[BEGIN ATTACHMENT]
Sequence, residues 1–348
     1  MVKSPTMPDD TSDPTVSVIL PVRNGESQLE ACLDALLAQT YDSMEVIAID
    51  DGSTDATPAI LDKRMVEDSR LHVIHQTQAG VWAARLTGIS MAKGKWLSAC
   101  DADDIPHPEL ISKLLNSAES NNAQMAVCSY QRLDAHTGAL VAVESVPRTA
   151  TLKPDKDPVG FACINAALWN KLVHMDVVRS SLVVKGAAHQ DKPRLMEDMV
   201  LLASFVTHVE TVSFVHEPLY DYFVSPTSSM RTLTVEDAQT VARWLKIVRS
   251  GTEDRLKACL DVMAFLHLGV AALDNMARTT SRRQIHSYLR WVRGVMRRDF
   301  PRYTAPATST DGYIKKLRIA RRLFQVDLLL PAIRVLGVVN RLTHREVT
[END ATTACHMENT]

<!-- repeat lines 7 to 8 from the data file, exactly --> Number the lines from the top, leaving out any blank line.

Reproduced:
   251  GTEDRLKACL DVMAFLHLGV AALDNMARTT SRRQIHSYLR WVRGVMRRDF
   301  PRYTAPATST DGYIKKLRIA RRLFQVDLLL PAIRVLGVVN RLTHREVT